This article was initially posted on The Ticker, Baruch College’s (the college I currently attend) independent, student-run newspaper. I’m re-posting the article with small changes.
The European Central Bank cut all rates and expanded its quantitative easing program. Amid growing concerns about economic growth and inflation, the 19-country eurozone’s central bank cut its rates to an all-time low. The refinancing rate, the rate of interest that banks must pay when they borrow funds from the ECB, was decreased by 5 basis points to zero percent. The marginal lending facility, the rate at which the central bank offers overnight credit to banks, was decreased by 5 basis points to 0.25 percent.
The deposit rate was cut further into negative territory. As expected by markets, the central bank cut its deposit rate by 10 basis points to negative 0.4 percent. The purpose of lower interest rates is to boost lending by encouraging banks to lend more to businesses and consumers, which in turn boosts spending and investment. In 2014, household consumption expenditure and investment accounted for 56.5 percent of GDP and 18 percent of GDP, respectively. QE was expanded from 20 billion euros to 80 billion euros ($89 billion) starting in April.
Under QE, the eurozone central bank pumps money into the region by buying assets, such as bonds, in the expectation that the proceeds will be invested in the European economy. In addition to bonds issued by financial institutions, QE will now include bonds issued by non-financial corporations.
“Rates will stay low, very low, for a long period of time, and well past the horizon of our purchases,” said Draghi, president of the central bank, referring to the QE. Its asset purchase program, or the QE, is expected to run until at least March 2017.
Policymakers have come under growing pressure to increase monetary stimulus after the eurozone slipped back into negative inflation in February.According to an early estimate by statistics office Eurostat, annual inflation dropped to negative 0.2 percent in February, down from 0.3 percent in January, the worst reading since February of last year.
That is far below the central bank’s inflation target of just under 2 percent. Draghi stated, “While very low or even negative inflation rates are unavoidable over the next few months, as a result of movements in oil prices, it is crucial to avoid second-round effects by securing the return of inflation to levels below, but close to, 2 percent without undue delay.”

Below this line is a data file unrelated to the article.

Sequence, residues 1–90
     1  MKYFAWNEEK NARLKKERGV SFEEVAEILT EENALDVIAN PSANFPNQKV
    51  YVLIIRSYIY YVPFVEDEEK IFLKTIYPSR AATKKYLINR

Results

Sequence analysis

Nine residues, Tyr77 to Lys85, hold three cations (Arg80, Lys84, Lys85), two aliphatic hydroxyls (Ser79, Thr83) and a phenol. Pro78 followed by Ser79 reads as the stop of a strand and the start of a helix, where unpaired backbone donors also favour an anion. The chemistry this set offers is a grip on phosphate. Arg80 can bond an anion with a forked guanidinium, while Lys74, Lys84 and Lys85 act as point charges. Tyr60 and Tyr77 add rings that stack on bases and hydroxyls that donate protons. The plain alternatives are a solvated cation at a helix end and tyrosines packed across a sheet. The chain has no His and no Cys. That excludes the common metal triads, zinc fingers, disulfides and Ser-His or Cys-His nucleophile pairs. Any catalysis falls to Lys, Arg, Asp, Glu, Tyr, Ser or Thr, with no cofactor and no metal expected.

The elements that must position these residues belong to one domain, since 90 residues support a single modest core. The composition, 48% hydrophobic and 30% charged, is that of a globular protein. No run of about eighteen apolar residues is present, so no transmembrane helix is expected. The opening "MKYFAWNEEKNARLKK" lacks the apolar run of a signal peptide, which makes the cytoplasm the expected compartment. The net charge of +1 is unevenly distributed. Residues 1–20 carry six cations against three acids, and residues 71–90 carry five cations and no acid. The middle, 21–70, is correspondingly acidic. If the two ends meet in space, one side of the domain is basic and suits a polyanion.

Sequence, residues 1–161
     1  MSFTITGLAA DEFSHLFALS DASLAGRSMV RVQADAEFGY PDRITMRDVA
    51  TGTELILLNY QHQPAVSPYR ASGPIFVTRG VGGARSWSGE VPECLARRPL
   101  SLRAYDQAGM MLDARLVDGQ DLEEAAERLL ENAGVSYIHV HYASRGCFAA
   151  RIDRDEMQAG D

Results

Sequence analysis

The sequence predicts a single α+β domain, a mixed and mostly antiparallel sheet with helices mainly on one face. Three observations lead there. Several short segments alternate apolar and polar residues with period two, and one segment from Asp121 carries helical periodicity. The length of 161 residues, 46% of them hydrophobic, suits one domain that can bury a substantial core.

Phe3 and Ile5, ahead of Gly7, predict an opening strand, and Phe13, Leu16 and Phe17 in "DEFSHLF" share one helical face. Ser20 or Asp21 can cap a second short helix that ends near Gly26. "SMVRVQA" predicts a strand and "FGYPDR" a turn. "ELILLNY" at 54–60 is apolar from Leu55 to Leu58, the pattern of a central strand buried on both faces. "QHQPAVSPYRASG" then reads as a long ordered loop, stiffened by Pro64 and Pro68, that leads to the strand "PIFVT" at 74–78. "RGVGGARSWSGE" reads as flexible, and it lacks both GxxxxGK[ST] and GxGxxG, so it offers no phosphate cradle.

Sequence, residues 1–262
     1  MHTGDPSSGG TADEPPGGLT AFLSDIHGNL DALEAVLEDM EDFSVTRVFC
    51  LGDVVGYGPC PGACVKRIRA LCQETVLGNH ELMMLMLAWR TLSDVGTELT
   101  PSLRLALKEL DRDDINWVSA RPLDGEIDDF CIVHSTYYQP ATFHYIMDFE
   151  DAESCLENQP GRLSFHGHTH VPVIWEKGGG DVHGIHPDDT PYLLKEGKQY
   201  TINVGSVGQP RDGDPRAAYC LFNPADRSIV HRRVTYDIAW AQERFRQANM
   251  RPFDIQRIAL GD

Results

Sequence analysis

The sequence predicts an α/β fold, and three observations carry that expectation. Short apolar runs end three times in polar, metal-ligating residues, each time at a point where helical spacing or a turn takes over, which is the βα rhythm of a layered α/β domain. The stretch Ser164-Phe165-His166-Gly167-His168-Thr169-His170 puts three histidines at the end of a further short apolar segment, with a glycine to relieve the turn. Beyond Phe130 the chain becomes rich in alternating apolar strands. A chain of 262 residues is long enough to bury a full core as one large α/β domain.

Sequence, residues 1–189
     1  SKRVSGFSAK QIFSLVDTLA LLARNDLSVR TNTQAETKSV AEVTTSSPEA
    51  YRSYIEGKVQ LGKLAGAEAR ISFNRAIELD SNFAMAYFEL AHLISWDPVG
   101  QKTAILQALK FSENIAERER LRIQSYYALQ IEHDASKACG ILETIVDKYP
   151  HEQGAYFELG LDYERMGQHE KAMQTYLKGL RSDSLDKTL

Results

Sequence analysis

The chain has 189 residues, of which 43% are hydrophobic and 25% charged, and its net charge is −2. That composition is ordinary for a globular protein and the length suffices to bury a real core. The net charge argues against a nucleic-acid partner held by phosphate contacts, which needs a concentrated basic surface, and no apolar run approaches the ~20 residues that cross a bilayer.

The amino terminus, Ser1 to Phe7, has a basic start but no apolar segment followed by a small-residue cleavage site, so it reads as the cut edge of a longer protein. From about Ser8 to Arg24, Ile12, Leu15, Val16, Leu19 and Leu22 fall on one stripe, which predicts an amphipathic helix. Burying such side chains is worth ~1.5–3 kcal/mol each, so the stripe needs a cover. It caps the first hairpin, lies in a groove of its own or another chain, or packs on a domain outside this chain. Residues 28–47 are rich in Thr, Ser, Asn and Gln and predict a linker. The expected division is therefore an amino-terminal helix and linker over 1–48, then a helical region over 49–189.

Low energy prices were the main factor behind the drop in headline inflation. Energy prices fell 8 percent, down from a contraction 5.4 percent in January. Core inflation, which excludes food and energy, dropped 0.8 percent, down from 1 percent in January—the lowest since April of last year.
Lower core inflation reading suggests that the low energy prices are already feeding into the price of other goods and services, creating what Draghi called second-round effects that could lead to even lower inflation and eventually lead to deflation.
“Inflation rates are expected to remain at negative levels in the coming months and to pick up later in 2016,” said Draghi. The central bank lowered its inflation forecast for this year to 0.1 percent from the 1 percent previously predicted. In 2017, the inflation is forecasted to be at 1.3 percent. The previous forecast was for 1.6 percent.
Reflecting weaker economic prospects around the globe and low energy prices, the growth outlook was also lowered. Gross domestic product is projected to expand 1.4 percent this year, lower than a previous forecast of 1.7 percent.
In 2017, it is projected to expand 1.7 percent, lower than a previous forecast of 1.9 percent. Kenneth Tjonasam, a 27-year-old Baruch College senior majoring in finance, believes the central bank is running out of viable solutions.
He stated, “I believe the ECB moves are unprecedented. I’m starting to think they have run out of viable patient solutions to address the slow growth in aggregate demand.”
European markets soared and the euro weakened in a reaction to the rate cuts and expansion of QE, but they reversed when Draghi suggested no further rate cuts. “We don’t anticipate that it will be necessary to reduce rates further,” said Draghi. Then, European markets fell back and the euro soared.
In order to further ease private sector credit conditions, the central bank also decided to offer eurozone financial institutions ultra-cheap four-year loans. The central bank said the interest rate on the loans “can be as low as the rate on the deposit facility,” meaning the eurozone banks could get paid to take the loans.
The purpose is to boost lending to consumers and companies. There is no guarantee they will borrow the money.
The European Central Bank will meet again on April 21. No further stimulus is expected at the moment.